Anyway, it was a big success and all sorts of people came out of the woodwork. In fact, I had Yonty Solomon play the Goldberg Variations as the lunch-time concert and it was one of the last times Yonty played before his brain tumour caused too many problems and that, I was always feel so grateful for and Yonty  of course, along with Stephen Kovacevich had been one of Dame Myra’s main students. But it was a great success and there were some people there who had actually performed in the concerts. There were many who had been taken there when they were teenagers or younger. And so, we thought, “Maybe we should do a second one,” and the gallery asked if I would direct it. And then, the third year, we put it to the gallery that maybe it should be an annual event and that’s what it’s become. There’s an Annual Dame Myra Hess Day which I still direct and love doing as well. The next one’s on November 22nd this year.

                                I also direct the Australian Festival of Chamber Music. I’ve done that since 2007 and that’s a great joy to have. Well, it’s just over about three weeks ago, actually. We had forty-four artists this time, I think, and that twelve from this part of the world, and the rest were Australian. And we have ten days of concerts – three concerts a day, plus the winter school and master classes and other events. Always a concert outside Townsville where it’s based. Funny enough, my mother and her parents were all born in Townsvillle and it’s odd that I now direct a festival where they were all born. It’s on a barrier reef in far north Queensland and it’s winter-time there but that means 21 to 26 degrees which is ideal. We always have a concert outside Townsville. This time it was on Magnetic Island and it was just amazing hearing a wind quintet, and brass quintet, and an accordionist, and Nick Daniel on oboe with David Malouf reading from his own An Imaginary Life,  about Ovid between the six pieces of the Metamorphoses of Britten on oboe, and all sorts of exciting things happened there. But yes, I love directing things as well.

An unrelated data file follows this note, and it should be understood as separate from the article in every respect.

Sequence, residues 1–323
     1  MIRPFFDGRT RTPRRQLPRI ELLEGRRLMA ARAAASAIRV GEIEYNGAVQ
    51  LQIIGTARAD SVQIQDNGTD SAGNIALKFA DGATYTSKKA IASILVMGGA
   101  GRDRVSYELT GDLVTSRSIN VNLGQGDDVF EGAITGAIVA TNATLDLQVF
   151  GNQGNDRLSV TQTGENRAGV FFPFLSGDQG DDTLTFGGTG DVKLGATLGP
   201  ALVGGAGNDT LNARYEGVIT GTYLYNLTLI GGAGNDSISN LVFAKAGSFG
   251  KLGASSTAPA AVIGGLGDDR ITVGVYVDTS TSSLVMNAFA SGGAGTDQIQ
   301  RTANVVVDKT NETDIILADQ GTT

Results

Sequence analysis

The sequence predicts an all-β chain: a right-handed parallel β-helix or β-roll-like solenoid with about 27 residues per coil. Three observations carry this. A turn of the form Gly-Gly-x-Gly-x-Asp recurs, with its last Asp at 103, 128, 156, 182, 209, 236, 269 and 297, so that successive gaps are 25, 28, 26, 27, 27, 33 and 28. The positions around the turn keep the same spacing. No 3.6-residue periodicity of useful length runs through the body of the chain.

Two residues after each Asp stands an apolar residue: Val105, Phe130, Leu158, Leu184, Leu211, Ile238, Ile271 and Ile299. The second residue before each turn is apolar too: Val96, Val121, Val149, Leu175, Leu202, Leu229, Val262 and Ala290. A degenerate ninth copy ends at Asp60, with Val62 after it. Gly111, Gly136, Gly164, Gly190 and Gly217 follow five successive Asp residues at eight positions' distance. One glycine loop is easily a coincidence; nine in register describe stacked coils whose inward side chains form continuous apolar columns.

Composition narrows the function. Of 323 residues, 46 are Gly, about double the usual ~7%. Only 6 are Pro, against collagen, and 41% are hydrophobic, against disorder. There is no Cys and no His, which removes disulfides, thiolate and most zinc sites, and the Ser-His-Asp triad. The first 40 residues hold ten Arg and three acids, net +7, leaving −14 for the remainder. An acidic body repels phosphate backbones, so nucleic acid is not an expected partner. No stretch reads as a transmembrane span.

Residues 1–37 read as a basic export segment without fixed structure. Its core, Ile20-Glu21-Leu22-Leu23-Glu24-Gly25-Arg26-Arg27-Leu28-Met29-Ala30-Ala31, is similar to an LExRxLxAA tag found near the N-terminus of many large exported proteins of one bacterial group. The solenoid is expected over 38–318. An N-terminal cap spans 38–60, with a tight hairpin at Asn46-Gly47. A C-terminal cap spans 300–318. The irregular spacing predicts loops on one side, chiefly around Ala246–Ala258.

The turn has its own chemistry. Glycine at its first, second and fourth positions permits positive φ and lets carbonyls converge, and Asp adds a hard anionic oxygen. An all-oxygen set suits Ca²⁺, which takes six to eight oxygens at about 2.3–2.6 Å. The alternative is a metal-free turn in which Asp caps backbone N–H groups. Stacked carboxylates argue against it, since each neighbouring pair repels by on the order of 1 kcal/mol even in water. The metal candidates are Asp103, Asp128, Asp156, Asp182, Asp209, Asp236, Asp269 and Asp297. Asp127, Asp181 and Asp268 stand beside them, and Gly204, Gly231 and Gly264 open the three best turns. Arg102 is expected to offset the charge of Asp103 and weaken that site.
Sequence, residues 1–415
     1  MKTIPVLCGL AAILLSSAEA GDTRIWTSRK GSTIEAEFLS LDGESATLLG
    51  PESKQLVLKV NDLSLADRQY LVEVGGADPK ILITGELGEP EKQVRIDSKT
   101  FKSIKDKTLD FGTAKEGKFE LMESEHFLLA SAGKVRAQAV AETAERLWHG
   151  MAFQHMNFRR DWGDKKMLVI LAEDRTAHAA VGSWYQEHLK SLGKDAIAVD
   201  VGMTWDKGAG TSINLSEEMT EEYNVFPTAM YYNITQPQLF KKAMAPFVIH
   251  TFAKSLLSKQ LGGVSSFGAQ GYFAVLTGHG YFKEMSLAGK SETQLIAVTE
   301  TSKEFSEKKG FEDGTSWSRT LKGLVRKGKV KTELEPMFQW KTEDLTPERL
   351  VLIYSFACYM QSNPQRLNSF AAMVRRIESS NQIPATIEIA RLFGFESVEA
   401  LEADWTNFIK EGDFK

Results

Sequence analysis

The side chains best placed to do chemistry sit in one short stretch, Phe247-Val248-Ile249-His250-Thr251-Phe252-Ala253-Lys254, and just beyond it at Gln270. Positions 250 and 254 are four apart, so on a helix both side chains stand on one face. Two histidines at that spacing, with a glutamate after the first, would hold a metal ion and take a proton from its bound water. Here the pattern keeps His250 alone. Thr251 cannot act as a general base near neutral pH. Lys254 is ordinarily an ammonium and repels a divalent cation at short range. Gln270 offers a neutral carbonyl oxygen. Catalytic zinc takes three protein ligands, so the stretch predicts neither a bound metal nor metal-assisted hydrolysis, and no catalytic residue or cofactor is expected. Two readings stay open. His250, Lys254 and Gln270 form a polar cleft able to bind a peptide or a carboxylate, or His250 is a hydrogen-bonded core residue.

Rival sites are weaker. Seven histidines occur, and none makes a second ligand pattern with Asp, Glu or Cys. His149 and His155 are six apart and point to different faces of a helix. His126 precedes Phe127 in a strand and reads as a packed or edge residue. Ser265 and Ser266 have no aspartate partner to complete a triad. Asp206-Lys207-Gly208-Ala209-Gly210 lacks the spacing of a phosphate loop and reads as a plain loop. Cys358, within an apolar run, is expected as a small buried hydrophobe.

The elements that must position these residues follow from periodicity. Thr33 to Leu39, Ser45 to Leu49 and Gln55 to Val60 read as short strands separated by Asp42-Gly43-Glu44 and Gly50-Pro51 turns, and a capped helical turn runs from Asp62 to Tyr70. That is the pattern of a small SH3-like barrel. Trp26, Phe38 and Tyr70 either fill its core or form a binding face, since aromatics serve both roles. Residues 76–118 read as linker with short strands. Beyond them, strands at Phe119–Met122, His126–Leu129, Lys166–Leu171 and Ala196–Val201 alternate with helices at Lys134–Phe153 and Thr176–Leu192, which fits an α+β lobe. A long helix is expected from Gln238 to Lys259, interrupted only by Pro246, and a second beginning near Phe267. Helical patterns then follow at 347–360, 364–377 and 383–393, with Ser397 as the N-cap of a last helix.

Melanie:    Putting things together. Which one’s been your favourite venue around the world?

Piers:       Gosh. Well, the Wigmore Hall springs straight to mind.

Melanie:    Yes.

Piers:     Just up the road from here. Funny enough, when I first played in the Wigmore Hall years ago, I found it slightly intimidating because it was such as small stage. I was used to having a lot of space around the piano and, the Wigmore, there isn’t that much space. You know, now, I adore playing there. You just have to touch a note and it sings to the background of the balcony. I love that intimacy that it has.